Chicago Bears Camp Wrap Up: Urlacher's Knee, O-Line Questions & WR Depth

Derek CrouseContributor IIIAugust 15, 2012

Can Urlacher's knee keep up with his prior effectiveness?
Can Urlacher's knee keep up with his prior effectiveness?Adam Bettcher/Getty Images

The Chicago Bears will be out of Bourbonnais this week and heading back to Halas Hall. Changes in management, coaching and player personnel has brought optimism to the 2012 season. From aging veterans to young stars, this team has the pieces to be a premier NFC franchise.

Lovie Smith doesn’t show many of his cards during camp or the preseason, but simple observation of the execution on the field can give us a glimpse as to how the team will fare this year.

The offense has tons of potential to put points on the board. The Martz offense is gone and most say good riddance because of the problems it caused. Mike Tice is the offensive coordinator, but his job as line coach is where he needs to shine. The Bears still have tons of questions about their offensive line, including the left tackle spot. They still don’t have a No. 1 at the position and Tice said he is losing sleep over who will protect Jay Cutler. Against Denver, the protection was in question. What fans have to remember is that line had to face Elvis Dumervil as well as Von Miller. They might have not looked worthy of praise, but facing players of that caliber can be an essential learning experience.

The left tackle spot is the definitive position in the new era of the pass happy NFL. The offensive line will have to face Detroit’s vicious frontline plus a Packers' 3-4 defense that loves to put pressure on the quarterback early and often.

Many could argue that the Bears have an even deeper receiving corps than the Packers. The Bears have a true No. 1 receiver in Brandon Marshall. He is just as dynamic as a Calvin Johnson or Larry Fitzgerald and has chemistry with Cutler. Devin Hester right now is the No. 2 receiver on the depth chart but that could change very soon. Alshon Jeffrey is a quiet man, but his play on the field speaks loudly. Rumors are that he could be a starter sooner than later due to his size compared to Devin. With Justin Blackmon having so many off the field issues, he could end up being the best rookie wide receiver in the draft. Earl Bennett has been Cutler’s favorite target in sticky situations. That might not be the case this year having far fewer opportunities with so much talent at the position.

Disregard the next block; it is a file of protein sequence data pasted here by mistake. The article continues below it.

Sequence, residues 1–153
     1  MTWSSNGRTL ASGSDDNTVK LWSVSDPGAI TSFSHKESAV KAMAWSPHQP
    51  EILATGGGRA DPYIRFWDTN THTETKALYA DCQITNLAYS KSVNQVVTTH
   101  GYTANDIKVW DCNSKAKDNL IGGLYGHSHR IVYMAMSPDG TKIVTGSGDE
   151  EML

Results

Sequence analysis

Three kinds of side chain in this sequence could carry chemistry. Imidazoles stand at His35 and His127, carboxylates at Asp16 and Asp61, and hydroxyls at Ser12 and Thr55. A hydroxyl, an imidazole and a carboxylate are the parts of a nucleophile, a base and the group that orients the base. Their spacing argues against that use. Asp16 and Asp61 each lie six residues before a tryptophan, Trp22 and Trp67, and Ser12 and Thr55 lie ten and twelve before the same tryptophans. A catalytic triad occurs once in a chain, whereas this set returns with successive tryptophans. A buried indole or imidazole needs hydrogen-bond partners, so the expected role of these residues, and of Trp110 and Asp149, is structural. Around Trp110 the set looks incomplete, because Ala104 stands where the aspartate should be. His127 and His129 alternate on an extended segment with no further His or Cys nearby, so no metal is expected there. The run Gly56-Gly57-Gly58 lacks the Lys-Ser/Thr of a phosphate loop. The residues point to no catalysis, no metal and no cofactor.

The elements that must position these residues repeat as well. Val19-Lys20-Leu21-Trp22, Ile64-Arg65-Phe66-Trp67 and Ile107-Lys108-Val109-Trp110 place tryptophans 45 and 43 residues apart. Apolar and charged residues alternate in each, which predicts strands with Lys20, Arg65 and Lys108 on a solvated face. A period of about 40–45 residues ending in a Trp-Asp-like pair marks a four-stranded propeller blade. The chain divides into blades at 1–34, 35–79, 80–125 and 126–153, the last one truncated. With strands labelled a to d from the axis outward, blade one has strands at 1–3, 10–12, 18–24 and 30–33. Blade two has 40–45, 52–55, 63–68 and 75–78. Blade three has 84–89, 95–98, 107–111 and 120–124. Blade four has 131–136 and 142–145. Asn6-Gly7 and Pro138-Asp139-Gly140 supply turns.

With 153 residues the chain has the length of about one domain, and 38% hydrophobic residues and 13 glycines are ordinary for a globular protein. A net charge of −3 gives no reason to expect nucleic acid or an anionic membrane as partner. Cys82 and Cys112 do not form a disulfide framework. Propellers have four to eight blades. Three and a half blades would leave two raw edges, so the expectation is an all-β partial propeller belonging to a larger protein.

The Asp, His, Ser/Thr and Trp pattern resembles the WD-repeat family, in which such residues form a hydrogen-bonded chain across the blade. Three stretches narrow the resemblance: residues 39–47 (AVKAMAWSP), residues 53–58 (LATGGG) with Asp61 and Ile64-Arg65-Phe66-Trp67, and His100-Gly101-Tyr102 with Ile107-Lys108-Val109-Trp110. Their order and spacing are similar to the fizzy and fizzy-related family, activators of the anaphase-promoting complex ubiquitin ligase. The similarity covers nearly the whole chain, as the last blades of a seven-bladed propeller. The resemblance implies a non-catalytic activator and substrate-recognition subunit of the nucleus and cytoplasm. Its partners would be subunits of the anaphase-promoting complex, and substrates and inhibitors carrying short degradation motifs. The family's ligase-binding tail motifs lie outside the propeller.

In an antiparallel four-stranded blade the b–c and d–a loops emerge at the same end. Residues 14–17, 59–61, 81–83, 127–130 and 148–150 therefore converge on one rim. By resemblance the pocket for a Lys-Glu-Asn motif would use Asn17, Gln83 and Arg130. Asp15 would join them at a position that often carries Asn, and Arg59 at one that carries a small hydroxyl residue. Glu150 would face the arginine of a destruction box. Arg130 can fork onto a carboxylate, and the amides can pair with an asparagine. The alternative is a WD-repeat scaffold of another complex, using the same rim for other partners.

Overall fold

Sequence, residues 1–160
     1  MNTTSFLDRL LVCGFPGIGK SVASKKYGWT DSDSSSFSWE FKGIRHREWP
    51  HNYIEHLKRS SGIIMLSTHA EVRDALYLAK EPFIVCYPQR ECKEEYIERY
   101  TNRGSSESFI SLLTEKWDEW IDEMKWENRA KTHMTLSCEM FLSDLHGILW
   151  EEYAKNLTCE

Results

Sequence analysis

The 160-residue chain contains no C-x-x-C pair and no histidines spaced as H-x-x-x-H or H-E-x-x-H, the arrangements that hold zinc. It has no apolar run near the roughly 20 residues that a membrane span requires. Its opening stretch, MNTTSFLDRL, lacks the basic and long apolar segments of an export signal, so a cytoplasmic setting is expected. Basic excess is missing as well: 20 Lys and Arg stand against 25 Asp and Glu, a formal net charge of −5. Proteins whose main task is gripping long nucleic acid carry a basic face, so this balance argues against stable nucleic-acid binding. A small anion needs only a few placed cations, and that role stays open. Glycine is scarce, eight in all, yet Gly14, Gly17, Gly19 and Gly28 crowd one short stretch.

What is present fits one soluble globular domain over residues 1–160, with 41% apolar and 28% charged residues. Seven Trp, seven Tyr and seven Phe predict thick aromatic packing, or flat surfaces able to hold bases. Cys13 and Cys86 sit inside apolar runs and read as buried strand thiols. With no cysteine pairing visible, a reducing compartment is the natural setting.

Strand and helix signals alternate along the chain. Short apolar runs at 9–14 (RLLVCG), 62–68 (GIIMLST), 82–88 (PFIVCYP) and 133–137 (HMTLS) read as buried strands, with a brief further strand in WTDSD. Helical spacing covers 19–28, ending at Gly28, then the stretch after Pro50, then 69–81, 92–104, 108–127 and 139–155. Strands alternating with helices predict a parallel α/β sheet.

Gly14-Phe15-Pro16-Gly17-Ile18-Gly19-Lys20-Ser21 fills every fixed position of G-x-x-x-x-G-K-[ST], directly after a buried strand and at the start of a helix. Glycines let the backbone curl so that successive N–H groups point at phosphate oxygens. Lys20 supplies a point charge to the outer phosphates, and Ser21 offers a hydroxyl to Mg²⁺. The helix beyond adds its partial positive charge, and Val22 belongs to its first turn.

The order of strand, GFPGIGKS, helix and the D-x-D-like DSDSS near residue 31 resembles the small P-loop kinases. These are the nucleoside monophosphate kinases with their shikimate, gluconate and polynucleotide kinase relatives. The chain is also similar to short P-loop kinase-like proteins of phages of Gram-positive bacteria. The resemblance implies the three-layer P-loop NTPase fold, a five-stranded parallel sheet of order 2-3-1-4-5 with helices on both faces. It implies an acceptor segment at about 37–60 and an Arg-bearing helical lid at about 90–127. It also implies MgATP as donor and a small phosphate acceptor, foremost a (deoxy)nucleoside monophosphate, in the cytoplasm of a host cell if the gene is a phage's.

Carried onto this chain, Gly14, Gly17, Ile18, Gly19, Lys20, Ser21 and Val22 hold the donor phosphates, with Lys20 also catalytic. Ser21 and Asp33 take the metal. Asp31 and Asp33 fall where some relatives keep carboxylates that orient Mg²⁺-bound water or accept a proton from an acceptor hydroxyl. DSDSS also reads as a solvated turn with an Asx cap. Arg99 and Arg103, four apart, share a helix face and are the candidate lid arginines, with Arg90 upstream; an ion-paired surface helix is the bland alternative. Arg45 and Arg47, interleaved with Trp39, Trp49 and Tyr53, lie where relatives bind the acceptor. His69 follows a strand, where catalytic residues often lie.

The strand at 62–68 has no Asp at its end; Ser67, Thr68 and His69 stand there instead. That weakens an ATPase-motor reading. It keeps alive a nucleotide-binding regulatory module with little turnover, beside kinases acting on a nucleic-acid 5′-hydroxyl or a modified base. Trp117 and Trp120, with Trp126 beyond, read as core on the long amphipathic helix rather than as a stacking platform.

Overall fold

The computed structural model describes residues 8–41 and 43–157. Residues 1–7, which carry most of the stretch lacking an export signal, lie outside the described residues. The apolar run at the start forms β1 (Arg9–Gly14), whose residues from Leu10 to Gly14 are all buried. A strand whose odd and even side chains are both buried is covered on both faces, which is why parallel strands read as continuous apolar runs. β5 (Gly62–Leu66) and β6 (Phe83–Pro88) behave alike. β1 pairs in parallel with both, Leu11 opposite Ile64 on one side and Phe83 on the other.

The offensive culture of Bears football has definitely evolved from years past. Three yards and a cloud of dust is hopefully behind this team’s offensive philosophy. While they won’t being running a spread offense, Jay Cutler could have a career year from a yardage standpoint with so many weapons for defenses to spotlight week to week.

Not much has changed from a defensive philosophy, but time brings age and experience. The experience is great, but the mind doesn’t always agree with the body.

Brian Urlacher is showing his age. He originally thought the knee would get better early in camp, but father time showed its ugly face when he had arthroscopic surgery. It will most likely sideline him at least until Week 1. Lance Briggs looks very sharp in camp. A big rumor going around the media is; if Urlacher doesn’t have the explosiveness to play laterally in zone against the pass and run, Briggs will move to middle linebacker. Even though Nick Roach has tried to replace the star veteran, he has openly admitted that he isn’t even close to what Brian brings to the team from being a vocal leader to the years of experience calling plays against more and more complicated offenses. Only time will tell how the pieces will fall for the defense.

The secondary has improved since last year and look to lock teams down inside the red zone. Tim Jennings and D.J. Moore will take some of the pressure of an aging Charles Tillman, who helps lead and coach the secondary.

There are some key factors the Bears will have to address to make a run in January.

One is getting consistent protection and actually naming a left tackle. The second is how to balance the run and pass so teams will have to guess what their game plan will be week to week. Another factor is the Cover-2 base defense. If the Bears can’t stop teams from making long drives down the field, an aging defense might falter towards the fourth quarter in close games.

The Chicago Bears have improved since last year in many aspects, but some of the same questions will be there once they break from training camp. No matter what the outcome, the team will be an entertaining watch in all three phases of the game.